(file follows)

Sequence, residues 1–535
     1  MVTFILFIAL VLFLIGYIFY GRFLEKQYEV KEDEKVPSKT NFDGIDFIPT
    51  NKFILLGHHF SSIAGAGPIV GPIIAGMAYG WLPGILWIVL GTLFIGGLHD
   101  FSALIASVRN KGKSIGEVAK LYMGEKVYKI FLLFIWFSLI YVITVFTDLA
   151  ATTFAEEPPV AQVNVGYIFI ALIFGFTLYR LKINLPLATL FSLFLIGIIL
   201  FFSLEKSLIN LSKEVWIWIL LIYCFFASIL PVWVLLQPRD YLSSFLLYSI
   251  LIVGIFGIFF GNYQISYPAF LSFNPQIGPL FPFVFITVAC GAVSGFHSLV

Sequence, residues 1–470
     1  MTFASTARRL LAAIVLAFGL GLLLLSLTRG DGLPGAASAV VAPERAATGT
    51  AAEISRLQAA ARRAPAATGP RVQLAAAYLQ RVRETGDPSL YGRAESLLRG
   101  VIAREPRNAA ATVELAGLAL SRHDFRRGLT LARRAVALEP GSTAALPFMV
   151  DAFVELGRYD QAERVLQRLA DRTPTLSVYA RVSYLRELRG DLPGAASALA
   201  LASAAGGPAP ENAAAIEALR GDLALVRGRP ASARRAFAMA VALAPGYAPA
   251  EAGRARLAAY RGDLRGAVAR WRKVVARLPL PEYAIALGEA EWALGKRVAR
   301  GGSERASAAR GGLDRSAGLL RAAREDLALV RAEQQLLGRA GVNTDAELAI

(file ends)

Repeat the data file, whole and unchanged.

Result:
Sequence, residues 1–535
     1  MVTFILFIAL VLFLIGYIFY GRFLEKQYEV KEDEKVPSKT NFDGIDFIPT
    51  NKFILLGHHF SSIAGAGPIV GPIIAGMAYG WLPGILWIVL GTLFIGGLHD
   101  FSALIASVRN KGKSIGEVAK LYMGEKVYKI FLLFIWFSLI YVITVFTDLA
   151  ATTFAEEPPV AQVNVGYIFI ALIFGFTLYR LKINLPLATL FSLFLIGIIL
   201  FFSLEKSLIN LSKEVWIWIL LIYCFFASIL PVWVLLQPRD YLSSFLLYSI
   251  LIVGIFGIFF GNYQISYPAF LSFNPQIGPL FPFVFITVAC GAVSGFHSLV

Sequence, residues 1–470
     1  MTFASTARRL LAAIVLAFGL GLLLLSLTRG DGLPGAASAV VAPERAATGT
    51  AAEISRLQAA ARRAPAATGP RVQLAAAYLQ RVRETGDPSL YGRAESLLRG
   101  VIAREPRNAA ATVELAGLAL SRHDFRRGLT LARRAVALEP GSTAALPFMV
   151  DAFVELGRYD QAERVLQRLA DRTPTLSVYA RVSYLRELRG DLPGAASALA
   201  LASAAGGPAP ENAAAIEALR GDLALVRGRP ASARRAFAMA VALAPGYAPA
   251  EAGRARLAAY RGDLRGAVAR WRKVVARLPL PEYAIALGEA EWALGKRVAR
   301  GGSERASAAR GGLDRSAGLL RAAREDLALV RAEQQLLGRA GVNTDAELAI